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Study spots early signs of math disabilities in kids
HealthDay News via U.S. News & World Report    Share    Share on FacebookTwitterShare on LinkedinE-mail article
A number of factors associated with math disability in children have been identified by researchers. The study included 177 children in 12 public schools in Missouri who were tested one to three times a year from kindergarten through fifth grade. The results showed that those who had trouble understanding the fundamental concept of exact numerical quantities — for example, that the printed numeral 3 represents three dots on a page — when they started school were diagnosed with a math learning disability by fifth grade. More

Brain's visual 'dictionary' allows speedy reading
Live Science    Share    Share on FacebookTwitterShare on LinkedinE-mail article
The brain holds a "visual dictionary" of words we have read, allowing quick recognition without sounding out words each time we see them, a new study finds. The research, presented at the annual meeting of the Society for Neuroscience in Washington, D.C., could be useful for understanding the causes of reading disorders such as dyslexia, according to the researchers. More

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Most kids lack early intervention services
Disability Scoop    Share    Share on FacebookTwitterShare on LinkedinE-mail article
Just a fraction of the nation's children with disabilities and developmental delays may be accessing the early intervention services they need, a new advocacy group report suggests. An analysis released by Easter Seals indicates that fewer than 3 percent of kids are participating in the government-funded Individuals with Disabilities Education Act Part C program, which offers early intervention services to children up to age 3. More

Often excluded, more special needs students taking NAEP
Education Week    Share    Share on FacebookTwitterShare on LinkedinE-mail article
Following a push to make "the nation's report card" better reflect the academic performance of all children in America's schools, most states boosted the numbers of students with disabilities and English-language learners who participated in the 2011 reading and math tests that are part of the National Assessment of Educational Progress, or NAEP. More

Providing Strategies for LD Students
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Help Your Struggling Readers Succeed

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Minority members say efforts to rewrite education law fail to protect minority children
The Associated Press via The Washington Post    Share    Share on FacebookTwitterShare on LinkedinE-mail article
Minority lawmakers say House and Senate plans to rewrite the No Child Left Behind education law fail to protect minority children, those with disabilities and children learning English. More

Big, little, tall and tiny: Learning spatial terms improves children's spatial skills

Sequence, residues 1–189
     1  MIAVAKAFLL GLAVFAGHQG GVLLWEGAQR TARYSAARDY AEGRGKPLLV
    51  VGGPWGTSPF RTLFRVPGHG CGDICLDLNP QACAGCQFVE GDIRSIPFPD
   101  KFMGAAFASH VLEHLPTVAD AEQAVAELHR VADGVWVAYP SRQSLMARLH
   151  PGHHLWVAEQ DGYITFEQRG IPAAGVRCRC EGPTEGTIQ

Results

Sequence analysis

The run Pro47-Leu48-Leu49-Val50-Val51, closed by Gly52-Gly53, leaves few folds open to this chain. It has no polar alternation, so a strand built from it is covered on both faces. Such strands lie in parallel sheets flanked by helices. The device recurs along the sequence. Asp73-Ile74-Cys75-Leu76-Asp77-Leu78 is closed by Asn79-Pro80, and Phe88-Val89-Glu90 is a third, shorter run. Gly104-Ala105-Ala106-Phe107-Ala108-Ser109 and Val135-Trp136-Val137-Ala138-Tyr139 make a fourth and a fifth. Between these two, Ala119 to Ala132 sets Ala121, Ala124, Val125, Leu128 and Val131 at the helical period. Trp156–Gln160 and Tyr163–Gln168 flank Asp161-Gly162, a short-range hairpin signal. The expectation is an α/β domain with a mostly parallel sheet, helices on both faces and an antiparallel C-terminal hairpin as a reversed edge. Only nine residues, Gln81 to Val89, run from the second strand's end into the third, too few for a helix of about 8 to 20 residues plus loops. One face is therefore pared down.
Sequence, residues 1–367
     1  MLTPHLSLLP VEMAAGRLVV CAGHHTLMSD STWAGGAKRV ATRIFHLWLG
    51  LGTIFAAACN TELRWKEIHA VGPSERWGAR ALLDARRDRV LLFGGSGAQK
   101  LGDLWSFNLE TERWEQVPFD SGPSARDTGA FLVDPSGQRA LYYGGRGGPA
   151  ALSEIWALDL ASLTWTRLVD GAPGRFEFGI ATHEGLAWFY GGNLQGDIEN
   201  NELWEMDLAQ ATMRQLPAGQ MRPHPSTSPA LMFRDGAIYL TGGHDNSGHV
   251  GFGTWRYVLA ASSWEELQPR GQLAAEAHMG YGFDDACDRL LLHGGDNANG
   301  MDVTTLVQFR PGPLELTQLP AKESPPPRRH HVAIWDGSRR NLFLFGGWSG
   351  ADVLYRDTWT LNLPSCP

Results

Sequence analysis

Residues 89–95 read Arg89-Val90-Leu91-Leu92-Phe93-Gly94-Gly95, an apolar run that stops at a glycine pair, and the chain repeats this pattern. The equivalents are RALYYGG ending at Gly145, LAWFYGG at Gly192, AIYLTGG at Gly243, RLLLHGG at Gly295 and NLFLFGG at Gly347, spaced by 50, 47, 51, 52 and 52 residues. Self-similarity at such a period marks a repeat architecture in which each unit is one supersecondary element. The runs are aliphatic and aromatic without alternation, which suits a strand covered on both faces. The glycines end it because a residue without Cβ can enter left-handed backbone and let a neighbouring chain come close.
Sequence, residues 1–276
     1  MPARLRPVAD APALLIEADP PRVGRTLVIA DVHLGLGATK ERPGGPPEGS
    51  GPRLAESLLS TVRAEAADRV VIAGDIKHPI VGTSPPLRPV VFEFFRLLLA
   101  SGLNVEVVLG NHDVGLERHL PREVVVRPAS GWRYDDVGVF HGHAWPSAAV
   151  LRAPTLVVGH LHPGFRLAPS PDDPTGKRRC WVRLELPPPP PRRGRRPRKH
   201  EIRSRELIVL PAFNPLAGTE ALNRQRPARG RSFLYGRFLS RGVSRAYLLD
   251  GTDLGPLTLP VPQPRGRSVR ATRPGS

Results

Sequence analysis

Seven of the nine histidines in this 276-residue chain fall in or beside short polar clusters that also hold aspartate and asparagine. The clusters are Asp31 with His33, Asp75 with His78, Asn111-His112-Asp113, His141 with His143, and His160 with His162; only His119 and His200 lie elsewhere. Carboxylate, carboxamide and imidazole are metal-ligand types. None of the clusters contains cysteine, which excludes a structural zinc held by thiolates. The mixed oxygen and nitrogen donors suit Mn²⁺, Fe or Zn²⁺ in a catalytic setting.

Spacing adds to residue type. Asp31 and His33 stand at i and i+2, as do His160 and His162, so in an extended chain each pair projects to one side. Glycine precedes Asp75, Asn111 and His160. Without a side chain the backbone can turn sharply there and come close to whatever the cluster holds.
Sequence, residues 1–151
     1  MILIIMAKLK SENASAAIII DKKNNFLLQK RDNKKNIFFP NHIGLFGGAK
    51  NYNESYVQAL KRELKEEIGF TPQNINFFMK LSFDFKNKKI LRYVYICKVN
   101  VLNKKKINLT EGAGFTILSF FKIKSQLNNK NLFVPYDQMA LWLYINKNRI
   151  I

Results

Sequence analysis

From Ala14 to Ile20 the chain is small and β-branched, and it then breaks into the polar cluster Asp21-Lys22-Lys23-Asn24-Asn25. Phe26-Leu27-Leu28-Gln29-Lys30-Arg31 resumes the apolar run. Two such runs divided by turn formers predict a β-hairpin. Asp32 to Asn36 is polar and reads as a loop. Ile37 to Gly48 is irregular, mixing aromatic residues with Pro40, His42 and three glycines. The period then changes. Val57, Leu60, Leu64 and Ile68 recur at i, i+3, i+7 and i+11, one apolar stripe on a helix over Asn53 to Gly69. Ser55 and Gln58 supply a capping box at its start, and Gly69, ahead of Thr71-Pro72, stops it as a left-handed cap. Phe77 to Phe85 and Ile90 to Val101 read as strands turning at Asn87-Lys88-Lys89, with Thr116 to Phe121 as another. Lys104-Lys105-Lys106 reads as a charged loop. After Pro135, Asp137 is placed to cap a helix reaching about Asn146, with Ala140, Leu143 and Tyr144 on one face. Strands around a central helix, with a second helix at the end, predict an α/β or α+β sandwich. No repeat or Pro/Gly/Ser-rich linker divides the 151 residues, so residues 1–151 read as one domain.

Science Daily    Share    Share on FacebookTwitterShare on LinkedinE-mail article
Preschool children who hear their parents describe the size and shape of objects and then use those words themselves perform better on tests of their spatial skills, researchers at the University of Chicago have found. The study is the first to show that learning to use a wide range of spatial words predicts children's later spatial thinking, which in turn is important in mathematics, science and technology. More

Special tax deductions for special education
The Wall Street Journal    Share    Share on FacebookTwitterShare on LinkedinE-mail article
More than six million children in the U.S. fall into the "special needs" category, and their ranks are expanding. The number of those affected by one developmental disability alone — autism — grew more than 70 percent between 2005 and 2010. The tax code can help — if you know where to look. More

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Lacrosse star Paul Rabil, writer Philip Schultz advocate for learning disabled
The Washington Post    Share    Share on FacebookTwitterShare on LinkedinE-mail article
Lacrosse star Paul Rabil talks with Jay Budin, 11, while touring The Lab School, to see its hands-on, active teaching methods in Washington. Rabil and Pulitzer Prize-winning poet Philip Schultz have dyslexia and talked to kids at the school on how they were able to study for tests using non-traditional techniques. More

Schools fall short as teens with disabilities jump to adulthood
Voice of San Diego    Share    Share on FacebookTwitterShare on LinkedinE-mail article
Schools in San Diego County are supposed to help teens with disabilities make the jump to adulthood under federal law. They are required to work with students to draw up plans that include their goals for after high school, what classes they should take to achieve them, and what services the school district will supply to help. More

ADHD in women and girls: The importance of early diagnosis
ADDitude    Share    Share on FacebookTwitterShare on LinkedinE-mail article
Women and girls with attention deficit hyperactivity disorder (ADD/ADHD) are not only less frequently diagnosed than their male counterparts. ADD/ADHD girls and women often require gender-specific treatments to help manage symptoms, succeed at school and work and have successful relationships. More

LDA does not recommend or endorse any one specific diagnostic or therapeutic regime, whether it is educational, psychological or medical. The viewpoints expressed in THE LD SOURCE are those of the authors and advertisers.

Colby Horton, Vice President of Publishing, 469.420.2601
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Tammy Gibson, Content Editor, 469.420.2677   
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